36. For this hearing, he has submitted his own written statement, which he described as a joint statement, together with the mother.  He describes the maternal grandparents as "bad people", who are guilty of harassing him.  He suggests that it is their intention to "steal" the children for financial gain.  He observes that the maternal grandmother has constantly complained to the police about him and his conduct, but states that the reports are "full of rubbish".  SF has submitted a collection of other documents which I have studied, including extracts from the maternal grandmother's Facebook page, in which she has expressed herself in forceful language, about a number of issues and people, though disputed, when I asked her about them, that any of the comments applied to SF.

37. SF told me that sometimes the girls phone him; sometimes they bump into each other in the street.  He said he does not instigate contact with them.  He further told me:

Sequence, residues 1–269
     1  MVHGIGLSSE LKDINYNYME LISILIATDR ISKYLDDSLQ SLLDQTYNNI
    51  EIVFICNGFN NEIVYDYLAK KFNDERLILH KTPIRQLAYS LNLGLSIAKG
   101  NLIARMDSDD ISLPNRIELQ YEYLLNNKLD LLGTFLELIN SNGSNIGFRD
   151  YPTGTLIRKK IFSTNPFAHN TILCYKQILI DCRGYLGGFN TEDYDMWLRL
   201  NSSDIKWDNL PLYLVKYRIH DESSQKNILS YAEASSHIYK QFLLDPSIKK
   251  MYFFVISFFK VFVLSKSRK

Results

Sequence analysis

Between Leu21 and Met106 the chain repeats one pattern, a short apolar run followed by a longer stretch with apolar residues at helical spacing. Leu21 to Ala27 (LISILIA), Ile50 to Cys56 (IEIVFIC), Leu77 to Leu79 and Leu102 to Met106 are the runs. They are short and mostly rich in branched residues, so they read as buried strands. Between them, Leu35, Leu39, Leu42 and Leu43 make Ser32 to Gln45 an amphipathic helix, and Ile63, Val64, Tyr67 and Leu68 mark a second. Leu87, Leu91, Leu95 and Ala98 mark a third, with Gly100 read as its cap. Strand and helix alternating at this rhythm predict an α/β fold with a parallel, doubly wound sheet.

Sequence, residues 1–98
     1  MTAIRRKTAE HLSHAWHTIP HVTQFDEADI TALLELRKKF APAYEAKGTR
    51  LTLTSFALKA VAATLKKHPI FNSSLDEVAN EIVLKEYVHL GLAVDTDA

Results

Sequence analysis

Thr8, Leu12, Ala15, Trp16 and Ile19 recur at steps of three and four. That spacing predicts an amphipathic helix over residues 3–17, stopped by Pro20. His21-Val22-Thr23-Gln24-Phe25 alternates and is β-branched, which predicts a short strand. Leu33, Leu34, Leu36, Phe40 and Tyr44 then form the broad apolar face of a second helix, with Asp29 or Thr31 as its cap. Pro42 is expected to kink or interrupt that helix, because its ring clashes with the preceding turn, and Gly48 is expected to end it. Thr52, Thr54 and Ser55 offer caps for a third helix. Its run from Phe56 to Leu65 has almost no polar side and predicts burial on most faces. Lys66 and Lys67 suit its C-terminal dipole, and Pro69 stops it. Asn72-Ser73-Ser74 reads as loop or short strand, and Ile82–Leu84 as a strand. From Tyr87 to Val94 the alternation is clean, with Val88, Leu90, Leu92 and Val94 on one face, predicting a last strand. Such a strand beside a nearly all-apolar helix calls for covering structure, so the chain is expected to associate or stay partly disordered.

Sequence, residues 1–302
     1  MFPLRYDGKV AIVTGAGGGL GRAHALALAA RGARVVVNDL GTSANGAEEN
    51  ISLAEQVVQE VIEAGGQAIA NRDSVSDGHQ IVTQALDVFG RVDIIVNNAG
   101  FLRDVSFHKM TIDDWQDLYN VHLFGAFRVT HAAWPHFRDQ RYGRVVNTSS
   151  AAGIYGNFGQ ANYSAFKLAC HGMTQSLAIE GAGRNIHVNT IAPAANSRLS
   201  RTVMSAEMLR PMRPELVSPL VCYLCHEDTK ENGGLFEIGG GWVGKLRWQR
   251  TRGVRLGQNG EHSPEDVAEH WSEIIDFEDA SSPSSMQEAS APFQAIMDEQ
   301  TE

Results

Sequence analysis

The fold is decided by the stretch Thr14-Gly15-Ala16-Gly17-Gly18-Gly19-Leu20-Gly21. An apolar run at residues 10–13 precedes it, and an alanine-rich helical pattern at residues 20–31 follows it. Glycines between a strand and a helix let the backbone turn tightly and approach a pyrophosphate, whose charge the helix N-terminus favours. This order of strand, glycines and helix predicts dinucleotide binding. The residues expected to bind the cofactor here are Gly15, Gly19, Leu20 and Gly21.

"I was dragged through the care system myself.  The social services need to sort themselves out.  There have been continual complaints to the social services, but all they (the grandparents) are trying to do is to stitch us up.  It's a joke.  The system has failed me as a kid and an adult.  I'm in this court, my life is on hold.  They're not even following the basic rules.  Where do they care about Leanne?  Mr. and Mrs. Z need help.  I say that we've done nothing wrong.  They've been waiting for us to slip up.  We've had no contact with the social workers, we've not even spoken to the social worker, not ever done so."